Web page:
A college athlete of mine recently asked me about the importance of sleep. He has a busy school, work and social schedule. His sleep was starting to suffer and he wanted to know if sleep was really that important to his endurance goals.
Coach Chris’s response:
I emphasized to my athlete just how important proper sleep is. Growth hormone is released during sleep and there is added hormone production when sleep is extended past normal ranges. On the flip side, a two hour reduction to one’s normal sleep pattern is equivalent to consuming enough alcohol to register a .05 blood alcohol level. While the average adult gets 7 to 7.5 hours of sleep daily, there have been recent studies done on athletes that show enormous benefits to athletic performance when they are able to get 10 hours of sleep per night. ESPN even did a story where they stated that sleep is the “magic pill” for athletic performance.
I mentioned to my athlete that there are many devices on the market today that track the amount and quality of sleep. I, personally, use the Timex Move X20 to track my daily sleep patterns. I find that it really helps me stay more consistent. I’m also able to better understand my energy levels on a daily basis.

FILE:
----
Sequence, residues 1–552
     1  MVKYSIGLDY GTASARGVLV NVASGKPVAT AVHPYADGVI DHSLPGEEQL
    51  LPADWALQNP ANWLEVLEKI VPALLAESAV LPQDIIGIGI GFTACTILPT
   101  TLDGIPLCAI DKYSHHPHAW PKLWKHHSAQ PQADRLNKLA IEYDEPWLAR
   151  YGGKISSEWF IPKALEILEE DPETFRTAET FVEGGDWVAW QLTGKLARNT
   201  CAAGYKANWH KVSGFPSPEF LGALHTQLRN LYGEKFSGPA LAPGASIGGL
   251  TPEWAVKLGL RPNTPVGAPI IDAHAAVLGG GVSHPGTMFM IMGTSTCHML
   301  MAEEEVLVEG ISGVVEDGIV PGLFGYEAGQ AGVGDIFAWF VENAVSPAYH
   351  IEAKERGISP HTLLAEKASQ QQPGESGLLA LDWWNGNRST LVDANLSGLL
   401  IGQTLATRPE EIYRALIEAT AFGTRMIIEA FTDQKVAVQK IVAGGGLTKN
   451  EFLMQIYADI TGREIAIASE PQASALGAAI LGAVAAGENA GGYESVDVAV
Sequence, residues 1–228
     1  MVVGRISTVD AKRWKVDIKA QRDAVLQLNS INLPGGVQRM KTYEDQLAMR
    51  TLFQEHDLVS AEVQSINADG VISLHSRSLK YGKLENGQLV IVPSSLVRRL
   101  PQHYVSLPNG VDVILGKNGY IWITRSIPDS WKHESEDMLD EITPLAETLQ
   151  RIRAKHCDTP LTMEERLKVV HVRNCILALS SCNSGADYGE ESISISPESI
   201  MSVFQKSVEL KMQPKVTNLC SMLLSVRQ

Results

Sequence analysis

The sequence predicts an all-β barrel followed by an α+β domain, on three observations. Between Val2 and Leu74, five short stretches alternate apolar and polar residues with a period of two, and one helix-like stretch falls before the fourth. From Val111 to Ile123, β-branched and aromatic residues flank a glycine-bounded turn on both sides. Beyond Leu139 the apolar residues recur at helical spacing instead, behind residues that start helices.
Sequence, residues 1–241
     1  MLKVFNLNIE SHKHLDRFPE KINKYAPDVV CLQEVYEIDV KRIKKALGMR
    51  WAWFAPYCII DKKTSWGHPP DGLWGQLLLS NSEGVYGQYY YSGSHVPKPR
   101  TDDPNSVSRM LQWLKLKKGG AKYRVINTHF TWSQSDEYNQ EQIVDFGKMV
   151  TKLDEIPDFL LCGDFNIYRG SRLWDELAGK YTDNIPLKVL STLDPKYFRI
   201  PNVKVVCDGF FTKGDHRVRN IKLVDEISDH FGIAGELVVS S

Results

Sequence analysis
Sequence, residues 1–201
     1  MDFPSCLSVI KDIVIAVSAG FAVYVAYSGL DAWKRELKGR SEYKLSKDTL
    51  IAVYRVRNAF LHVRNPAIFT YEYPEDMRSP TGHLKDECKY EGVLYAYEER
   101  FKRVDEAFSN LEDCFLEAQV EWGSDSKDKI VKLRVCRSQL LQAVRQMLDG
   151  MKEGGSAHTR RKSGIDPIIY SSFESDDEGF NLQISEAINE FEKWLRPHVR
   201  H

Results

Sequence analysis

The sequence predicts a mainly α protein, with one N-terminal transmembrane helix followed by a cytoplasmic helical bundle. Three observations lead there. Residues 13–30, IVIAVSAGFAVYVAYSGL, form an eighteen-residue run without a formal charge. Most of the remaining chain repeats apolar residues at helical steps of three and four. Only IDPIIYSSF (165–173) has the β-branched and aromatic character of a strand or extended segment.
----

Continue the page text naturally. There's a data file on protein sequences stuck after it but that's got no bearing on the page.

LifeSport Coach Chris Thomas has over 10 years of coaching experience and is USAT certified. Chris is also an Ironman 70.3 World Champion (M40-44). He enjoys working with athletes of all levels. Contact Chris to tackle your first triathlon or to perform at a higher level. Find more tips on Twitter@LifeSportCoach.
Wow, what a race! This has been on my bucket list of races to do for quite some time. I had heard how challenging the race was from several athletes. However, just like most things, you have to find out for yourself! I came into the race having completed 2 outdoor rides since competing in the Ironman World Championships back in October. Both of those outdoor rides where done out in Arizona on Mt. Lemmon during my Timex team camp. So I had not been outside in the northeast in about 7 months. I had logged plenty of trainer miles, so I knew I was fit. I just didn't think I was race fit.
Here's the profile of the run course. The race starts with one 5 mile loop that includes 900 feet of climbing. It's single track for the climbs and groomed wide trails for the decents. I really enjoyed the first loop and felt ready for the bike. I knew it was going to be a long day, so I kept it pretty easy in zone 1 for the first loop.
Once I got onto the bike, I realized right away that I had made a big technical mistake. I still had my 11-25 rear cassette on from Hawaii. The first hill made me realize what a rookie mistake that was. My legs were working right out of the gate. There were sections of the bike that were a bit technical on a couple of the descents. Fortunately, my friend and prior winner, Mitch West had warned me to be cautious on the first downhill. The remainder of the bike was very challenging but enjoyable. By the end of the 3rd lap and 8,406 feet of climbing I was ready to get off my Trek Speed Concept. It had served me well, but I was ready for the 2nd run.